North Korea knows that the world is unfair, as all the five permanent members on the United Nations Security Council have nuclear weapons, while the rest of the world cannot. Or wait a minute, a few others can also have nuclear weapons. So why can’t North Korea have nukes?
Since the announcement of the ruling, all concerned parties are still mulling their next moves. The actions they take will decide which direction Asia heads to: spiral into a Middle Eastern type of crisis, or avoid war and head towards peace and stability.
Hong Kong will hold its sixth Legislative Council Election on September 4. The behavior of some democrats, confrontations between the Executive Branch and the LegCo, the Umbrella Movement, violent mass demonstrations, and localism have contributed to increased divisions in Hong Kong politics.
American allies like Japan have taken strong stands in support of the decision. But belatedly
some are realizing that the decision has important potentially negative implications for their own maritime claims and disputes.
While hostilities resulting from territorial disputes driven by nationalism and history continue to overshadow the relationship between Vietnam and China, a military conflict is unlikely to occur, unless decision-makers consider the resulting economic, military and political disasters to be bearable.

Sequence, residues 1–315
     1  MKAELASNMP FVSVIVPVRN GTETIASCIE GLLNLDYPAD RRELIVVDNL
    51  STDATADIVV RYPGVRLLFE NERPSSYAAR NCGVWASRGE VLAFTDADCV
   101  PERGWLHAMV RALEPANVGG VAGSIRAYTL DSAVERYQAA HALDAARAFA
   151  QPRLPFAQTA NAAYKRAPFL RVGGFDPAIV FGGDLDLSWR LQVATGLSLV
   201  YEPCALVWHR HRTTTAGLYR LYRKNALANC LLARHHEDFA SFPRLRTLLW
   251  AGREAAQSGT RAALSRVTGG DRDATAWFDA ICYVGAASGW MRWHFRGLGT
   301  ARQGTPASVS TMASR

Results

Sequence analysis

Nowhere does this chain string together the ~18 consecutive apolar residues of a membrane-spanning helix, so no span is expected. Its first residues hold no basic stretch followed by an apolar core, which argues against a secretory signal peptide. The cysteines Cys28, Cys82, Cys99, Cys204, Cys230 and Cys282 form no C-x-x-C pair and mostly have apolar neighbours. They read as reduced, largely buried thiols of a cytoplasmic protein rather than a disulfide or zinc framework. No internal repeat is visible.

There is no secret that all the South China Sea claimant parties view their fishermen as important defenders of their respective claims in the disputed waters of the South China Sea. Nonetheless, the securitized fishery discourse is overblown.
South Korea is feeling the heat, not only from the heat waves of summer but also from the heated debates surrounding President Park Geun-hye’s July 8 announcement of the decision to deploy THAAD. The nation has been polarized between those saying “nay” and “aye.”
International courts and tribunals tend to decline to deal with historic argument. The logic is that sovereignty is the most sacrosanct claim vested upon every nation state, which stipulates that it need not and should not be subordinated to any authorities claiming overlordship, in whatever manifestation, above them.
President Xi Jinping’s unyielding effort in the anti-corruption campaign has implicated 800,000 Chinese officials. How and when will he consider his mission to be accomplished? David Shambaugh and Zheng Yongnian had an in-depth exchange of views at a global forum on China in Singapore.
The UK’s exit from the EU is a cautionary tale to other forms of regionalism. The US has dominated NATO, the North American Free Trade Area, and is also committed to constructing new types of regionalism such as the TPP and TTIP. Yet, it is questionable if this non-inclusive form of regionalism established will be sustainable.